All of today’s cameras are masters of reading light. In the days of film one would either have to do the metering using light meter readers or by ‘feel’ – and hope that the resulting image would come out as desired. Today’s digital cameras have these light meters built in and we all rely on them to ensure that the exposure is just right. However the new cameras have 3 or more different modes to set and these change the way that the camera looks at the light in and around the photo.
The three major metering systems are as follows:
Evaluative – evaluates the light over approximately 90% of the photo and then tries to balance out the highlights, mid-tones and darks to get the correct exposure.
Centre weighted – looks at approximately 75% of the intended picture but focuses mainly on the central point or focal point of the photo to get the correct exposure.
Spot – this only takes into account 5-10% of the light around the centre or the focal point which you have chosen in order to ensure that only that area is exposed correctly.
For this particular photo I chose to use spot metering as the bright clouds in the background were wreaking havoc on my exposure. When I tried the same photo with evaluative metering it came out with the image below.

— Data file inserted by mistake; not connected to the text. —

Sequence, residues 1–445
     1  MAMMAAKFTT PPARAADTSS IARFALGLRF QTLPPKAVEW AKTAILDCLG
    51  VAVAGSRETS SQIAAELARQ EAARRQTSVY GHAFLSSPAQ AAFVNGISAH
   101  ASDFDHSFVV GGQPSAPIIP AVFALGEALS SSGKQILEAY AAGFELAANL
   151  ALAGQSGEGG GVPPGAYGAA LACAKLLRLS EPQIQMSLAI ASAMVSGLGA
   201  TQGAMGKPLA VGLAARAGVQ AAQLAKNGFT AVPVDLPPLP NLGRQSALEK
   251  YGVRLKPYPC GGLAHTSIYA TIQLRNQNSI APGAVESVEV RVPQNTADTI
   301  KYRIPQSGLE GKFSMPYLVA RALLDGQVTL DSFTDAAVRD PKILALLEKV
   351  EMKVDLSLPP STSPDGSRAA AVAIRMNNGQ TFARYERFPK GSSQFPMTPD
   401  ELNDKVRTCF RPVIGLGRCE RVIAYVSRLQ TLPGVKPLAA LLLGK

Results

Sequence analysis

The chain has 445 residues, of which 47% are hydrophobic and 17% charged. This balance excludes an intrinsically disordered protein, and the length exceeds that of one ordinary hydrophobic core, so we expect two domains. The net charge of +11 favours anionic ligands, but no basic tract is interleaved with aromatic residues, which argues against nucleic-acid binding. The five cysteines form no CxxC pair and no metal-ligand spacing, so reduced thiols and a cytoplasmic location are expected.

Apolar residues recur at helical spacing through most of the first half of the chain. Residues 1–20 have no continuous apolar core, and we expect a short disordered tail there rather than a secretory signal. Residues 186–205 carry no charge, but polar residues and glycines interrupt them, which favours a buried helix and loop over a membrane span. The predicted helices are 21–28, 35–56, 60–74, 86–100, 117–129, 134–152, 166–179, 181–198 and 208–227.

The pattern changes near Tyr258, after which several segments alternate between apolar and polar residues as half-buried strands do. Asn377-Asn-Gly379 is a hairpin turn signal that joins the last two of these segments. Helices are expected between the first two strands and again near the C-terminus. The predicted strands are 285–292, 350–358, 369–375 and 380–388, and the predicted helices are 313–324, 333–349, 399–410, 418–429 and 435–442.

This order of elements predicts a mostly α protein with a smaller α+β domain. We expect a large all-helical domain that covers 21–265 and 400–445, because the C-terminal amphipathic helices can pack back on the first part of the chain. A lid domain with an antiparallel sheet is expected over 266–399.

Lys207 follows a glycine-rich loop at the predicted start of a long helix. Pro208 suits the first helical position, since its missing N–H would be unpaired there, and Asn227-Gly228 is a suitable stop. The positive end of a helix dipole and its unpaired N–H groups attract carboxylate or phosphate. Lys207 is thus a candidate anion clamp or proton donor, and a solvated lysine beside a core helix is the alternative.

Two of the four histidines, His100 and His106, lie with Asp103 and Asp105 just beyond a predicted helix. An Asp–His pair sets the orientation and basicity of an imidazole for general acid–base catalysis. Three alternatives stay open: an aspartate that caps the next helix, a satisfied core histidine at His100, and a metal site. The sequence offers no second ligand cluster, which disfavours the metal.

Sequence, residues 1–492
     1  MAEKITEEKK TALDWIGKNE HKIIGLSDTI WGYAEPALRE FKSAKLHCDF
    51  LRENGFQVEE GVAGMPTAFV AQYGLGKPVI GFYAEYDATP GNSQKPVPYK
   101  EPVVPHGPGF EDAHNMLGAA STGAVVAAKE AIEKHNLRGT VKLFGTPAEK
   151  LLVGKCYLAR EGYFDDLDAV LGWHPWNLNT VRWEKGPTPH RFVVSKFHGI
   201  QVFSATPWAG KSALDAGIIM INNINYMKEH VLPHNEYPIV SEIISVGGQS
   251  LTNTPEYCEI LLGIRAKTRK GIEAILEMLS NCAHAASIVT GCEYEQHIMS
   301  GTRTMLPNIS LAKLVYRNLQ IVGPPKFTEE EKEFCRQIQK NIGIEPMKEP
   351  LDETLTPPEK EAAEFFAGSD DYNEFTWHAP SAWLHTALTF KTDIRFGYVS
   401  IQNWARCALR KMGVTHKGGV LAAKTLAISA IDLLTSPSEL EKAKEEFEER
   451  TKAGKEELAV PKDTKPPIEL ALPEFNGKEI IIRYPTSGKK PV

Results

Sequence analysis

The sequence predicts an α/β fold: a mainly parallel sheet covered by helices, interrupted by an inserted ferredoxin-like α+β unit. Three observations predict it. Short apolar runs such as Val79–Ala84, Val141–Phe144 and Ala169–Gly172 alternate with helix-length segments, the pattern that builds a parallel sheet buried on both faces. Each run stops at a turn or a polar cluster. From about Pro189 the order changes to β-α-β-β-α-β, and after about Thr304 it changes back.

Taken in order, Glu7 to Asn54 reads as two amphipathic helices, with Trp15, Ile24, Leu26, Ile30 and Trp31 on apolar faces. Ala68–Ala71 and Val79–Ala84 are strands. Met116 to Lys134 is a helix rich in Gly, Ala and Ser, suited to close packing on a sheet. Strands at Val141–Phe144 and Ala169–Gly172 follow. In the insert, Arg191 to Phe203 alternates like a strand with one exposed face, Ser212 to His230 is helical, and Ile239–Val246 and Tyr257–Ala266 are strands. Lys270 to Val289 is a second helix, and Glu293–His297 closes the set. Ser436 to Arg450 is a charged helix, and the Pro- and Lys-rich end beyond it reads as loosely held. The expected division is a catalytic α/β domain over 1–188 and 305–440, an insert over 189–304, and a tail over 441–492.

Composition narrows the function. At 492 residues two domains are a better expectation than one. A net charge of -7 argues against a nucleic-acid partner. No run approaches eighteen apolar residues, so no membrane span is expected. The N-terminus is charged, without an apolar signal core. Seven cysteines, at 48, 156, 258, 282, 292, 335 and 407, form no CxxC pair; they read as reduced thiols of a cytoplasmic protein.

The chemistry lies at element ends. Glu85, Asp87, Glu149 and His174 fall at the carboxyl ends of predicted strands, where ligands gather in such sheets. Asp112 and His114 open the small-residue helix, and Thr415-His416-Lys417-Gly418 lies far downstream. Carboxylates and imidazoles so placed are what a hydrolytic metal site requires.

Once changed to spot metering the camera knew that it should expose the photo for the lion and not the sky. This resulted in the sky being blown out into a bright white but I was still able to capture the essence of the situation because everyone can now see the lion. In aperture mode I set my aperture to f5.6 and my ISO to 320. The camera’s light meter then calculated the shutter speed necessary to expose the lion, which was 1/400 of a second. When using the evaluative metering the shutter speed shot up to 1/2000 of a second, meaning that the sky was not so blown out but the lioness was terribly underexposed.
Expose your balance
Richard de Gouveia